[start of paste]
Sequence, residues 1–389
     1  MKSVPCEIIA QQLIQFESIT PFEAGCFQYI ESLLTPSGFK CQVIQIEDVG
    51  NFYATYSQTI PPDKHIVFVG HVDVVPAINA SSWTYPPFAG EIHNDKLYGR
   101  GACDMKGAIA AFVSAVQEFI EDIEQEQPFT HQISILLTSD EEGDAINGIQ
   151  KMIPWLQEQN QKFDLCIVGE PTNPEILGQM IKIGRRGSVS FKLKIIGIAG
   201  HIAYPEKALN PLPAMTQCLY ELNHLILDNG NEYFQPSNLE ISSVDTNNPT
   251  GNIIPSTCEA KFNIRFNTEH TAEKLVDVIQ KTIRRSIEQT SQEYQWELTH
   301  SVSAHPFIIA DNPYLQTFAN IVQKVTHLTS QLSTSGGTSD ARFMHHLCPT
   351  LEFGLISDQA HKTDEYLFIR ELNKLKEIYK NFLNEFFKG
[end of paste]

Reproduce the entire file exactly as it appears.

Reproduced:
Sequence, residues 1–389
     1  MKSVPCEIIA QQLIQFESIT PFEAGCFQYI ESLLTPSGFK CQVIQIEDVG
    51  NFYATYSQTI PPDKHIVFVG HVDVVPAINA SSWTYPPFAG EIHNDKLYGR
   101  GACDMKGAIA AFVSAVQEFI EDIEQEQPFT HQISILLTSD EEGDAINGIQ
   151  KMIPWLQEQN QKFDLCIVGE PTNPEILGQM IKIGRRGSVS FKLKIIGIAG
   201  HIAYPEKALN PLPAMTQCLY ELNHLILDNG NEYFQPSNLE ISSVDTNNPT
   251  GNIIPSTCEA KFNIRFNTEH TAEKLVDVIQ KTIRRSIEQT SQEYQWELTH
   301  SVSAHPFIIA DNPYLQTFAN IVQKVTHLTS QLSTSGGTSD ARFMHHLCPT
   351  LEFGLISDQA HKTDEYLFIR ELNKLKEIYK NFLNEFFKG